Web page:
As Election Day nears, legal battles are being waged about voters’ access to the ballot box itself.
In states across the country, parties are tussling over issues ranging from removing residents from voter rolls to voter ID requirements. Yet courts often take a hands-off approach to some of the most contentious electoral issues, says Professor Michael Gilbert of the University of Virginia School of Law.
Gilbert, who teaches courses on election law, legislation, and law and economics, focuses his scholarship on constitutional entrenchment, campaign finance law, corruption and the design of courts.
Gilbert said judges use a balancing test in weighing the legality of how elections are administered by considering how a law affects voters and candidates on the one hand, and the interests of the state and lawmakers on the other. When the U.S. Supreme Court had to decide a decade ago whether an Indiana law requiring a photo ID to vote was constitutional, in Crawford v. Marion County Election Board, the justices weighed the impact on voters versus the state’s interest in preventing fraud. The state couldn’t prove any instance of in-person voter fraud in Indiana’s history, but the challengers failed to make a credible legal case that the law systematically burdened the right to vote, Gilbert said. The tie went to Indiana, and the voter ID law remained on the books.
“The court is often deferential to the states,” he said. “The states take the lead on regulating elections. Unless they do something egregious, the court tends to say ‘OK.’”
Voter ID laws have attracted support and criticism ever since. A law in Kansas requiring proof of citizenship to vote was rightly ruled unconstitutional by a federal judge in June, Gilbert said. Not only is it rare for noncitizens to vote, he argued, the laws burden voters who may not have the necessary documentation.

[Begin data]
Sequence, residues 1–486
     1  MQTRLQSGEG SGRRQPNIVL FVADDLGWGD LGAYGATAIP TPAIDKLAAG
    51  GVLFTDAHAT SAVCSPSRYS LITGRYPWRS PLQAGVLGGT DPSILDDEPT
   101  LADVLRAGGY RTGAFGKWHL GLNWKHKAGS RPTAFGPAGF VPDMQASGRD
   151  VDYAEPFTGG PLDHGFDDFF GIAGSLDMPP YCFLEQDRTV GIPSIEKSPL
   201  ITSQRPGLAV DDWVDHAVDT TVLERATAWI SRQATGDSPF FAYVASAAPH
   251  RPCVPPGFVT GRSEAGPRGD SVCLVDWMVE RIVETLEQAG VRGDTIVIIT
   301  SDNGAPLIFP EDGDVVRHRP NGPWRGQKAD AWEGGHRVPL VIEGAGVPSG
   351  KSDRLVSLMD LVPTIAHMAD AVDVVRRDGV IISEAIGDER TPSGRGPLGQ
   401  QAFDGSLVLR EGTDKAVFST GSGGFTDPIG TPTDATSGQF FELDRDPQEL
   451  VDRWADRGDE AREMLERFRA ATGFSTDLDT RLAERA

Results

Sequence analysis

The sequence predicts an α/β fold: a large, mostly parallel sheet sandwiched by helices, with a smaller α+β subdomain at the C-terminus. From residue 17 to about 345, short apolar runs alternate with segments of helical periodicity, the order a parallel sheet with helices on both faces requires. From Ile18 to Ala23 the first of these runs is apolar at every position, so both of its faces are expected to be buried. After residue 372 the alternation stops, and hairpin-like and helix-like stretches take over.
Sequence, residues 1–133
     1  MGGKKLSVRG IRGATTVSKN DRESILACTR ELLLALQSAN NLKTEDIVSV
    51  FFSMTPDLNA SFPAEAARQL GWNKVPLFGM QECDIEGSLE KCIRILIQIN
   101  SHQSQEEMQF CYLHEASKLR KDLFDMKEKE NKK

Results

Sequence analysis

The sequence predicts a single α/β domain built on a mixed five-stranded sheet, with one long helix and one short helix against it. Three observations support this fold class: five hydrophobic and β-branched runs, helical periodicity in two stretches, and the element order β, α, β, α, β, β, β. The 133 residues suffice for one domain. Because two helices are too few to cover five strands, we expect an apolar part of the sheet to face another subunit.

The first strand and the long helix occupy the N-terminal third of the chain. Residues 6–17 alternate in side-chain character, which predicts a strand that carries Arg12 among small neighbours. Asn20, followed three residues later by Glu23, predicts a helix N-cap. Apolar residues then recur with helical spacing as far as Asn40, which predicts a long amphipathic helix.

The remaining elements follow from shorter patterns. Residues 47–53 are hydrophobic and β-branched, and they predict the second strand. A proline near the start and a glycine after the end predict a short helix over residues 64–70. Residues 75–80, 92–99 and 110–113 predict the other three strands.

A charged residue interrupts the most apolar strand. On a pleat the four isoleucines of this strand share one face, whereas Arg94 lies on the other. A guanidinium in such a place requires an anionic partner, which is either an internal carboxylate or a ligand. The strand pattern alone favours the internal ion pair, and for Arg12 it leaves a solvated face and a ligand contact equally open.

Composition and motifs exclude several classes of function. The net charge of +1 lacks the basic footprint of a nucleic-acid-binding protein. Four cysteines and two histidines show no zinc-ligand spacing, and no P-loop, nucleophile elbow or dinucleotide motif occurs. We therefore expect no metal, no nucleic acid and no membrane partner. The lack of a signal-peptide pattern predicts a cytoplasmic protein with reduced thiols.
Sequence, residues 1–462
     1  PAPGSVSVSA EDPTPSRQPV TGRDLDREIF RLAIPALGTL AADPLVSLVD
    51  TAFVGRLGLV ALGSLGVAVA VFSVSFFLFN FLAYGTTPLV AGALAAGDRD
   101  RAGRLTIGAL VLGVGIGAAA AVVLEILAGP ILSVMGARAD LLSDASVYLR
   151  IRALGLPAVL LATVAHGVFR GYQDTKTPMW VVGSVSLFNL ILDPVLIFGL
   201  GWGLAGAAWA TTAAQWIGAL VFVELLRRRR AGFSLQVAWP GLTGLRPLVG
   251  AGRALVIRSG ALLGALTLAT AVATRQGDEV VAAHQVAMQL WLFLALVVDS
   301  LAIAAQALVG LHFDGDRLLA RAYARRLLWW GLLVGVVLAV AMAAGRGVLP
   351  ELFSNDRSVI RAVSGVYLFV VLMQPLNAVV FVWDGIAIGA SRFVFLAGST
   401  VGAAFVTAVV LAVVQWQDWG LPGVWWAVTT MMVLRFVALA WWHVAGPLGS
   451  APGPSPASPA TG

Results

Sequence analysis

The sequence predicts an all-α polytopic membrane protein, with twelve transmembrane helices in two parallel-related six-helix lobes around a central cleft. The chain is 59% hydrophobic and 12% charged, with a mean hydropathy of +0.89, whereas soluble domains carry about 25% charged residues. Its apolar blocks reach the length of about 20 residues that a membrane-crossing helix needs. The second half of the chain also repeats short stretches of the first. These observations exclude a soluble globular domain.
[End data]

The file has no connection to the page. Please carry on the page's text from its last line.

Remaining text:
“There’s no evidence that voting by noncitizens is anything approaching what most people would reasonably agree is a meaningful problem,” he said. “Most people have driver’s licenses, but of course noncitizens can get driver’s licenses, so to prove your citizenship you need more — a birth certificate, a passport.”
Gilbert said some actions officials take regarding voting may seem controversial but are probably not rooted in ill intent. For example, he said, updating voter rolls by removing residents who have moved, died or become ineligible to vote is common.
Ohio enacted a law, upheld by the Supreme Court, that removes citizens from voter rolls after cycles of inactivity and after they have received a notification that they face removal. Voting in the next election would stop the removal process.
“Many people thought this was very controversial — it’s a ‘purge’ — but it seemed pretty reasonable to me,” he said. “The state is not just stripping people from the list willy-nilly.”
Another example, Gilbert said, is officials exercising judgment on where they place polling stations. In some cases, they may move a polling station to make the location more accessible to the disabled to comply with the Americans with Disabilities Act.
“Wherever you put the polling station, you’re going to make it easier for some people to vote and harder for others,” he said. “With in-person voting especially, there’s just no way to equalize the burden.”
As for the future of suffrage laws, Gilbert said the next battleground is whether there is judicial recourse for partisan gerrymandering — when the party in power redraws district lines to their benefit. The Supreme Court has largely dodged the issue, he said, including with a case the court demurred on last term, Gill v. Whitford.
The plaintiffs in that case challenged Wisconsin’s 2011 redistricting law as violating the Constitution’s equal protection clause. Opponents of the law argued that Republicans in the state’s legislature had redrawn district lines in a way that purposely diluted Democratic voters. The court ruled that the plaintiffs lacked standing and didn’t address the question on the merits.
With Justice Brett Kavanaugh joining the Supreme Court, Gilbert said the justices may ultimately conclude that the issue is a political rather than a legal one.
“The court might hold that partisan gerrymandering claims are non-justiciable, meaning you can’t raise them in federal court. That’s not going to make the fury over gerrymandering go away, and I think we’ll see the fight shift to the state level,” he said. “It’s already happening to some degree: Some states adopted — through the state legislature or in some cases through ballot initiatives — state-level districting reform, and I think there’s going to be more of that in the years ahead.”
Founded in 1819, the University of Virginia School of Law is the second-oldest continuously operating law school in the nation. Consistently ranked among the top law schools, Virginia is a world-renowned training ground for distinguished lawyers and public servants, instilling in them a commitment to leadership, integrity and community service.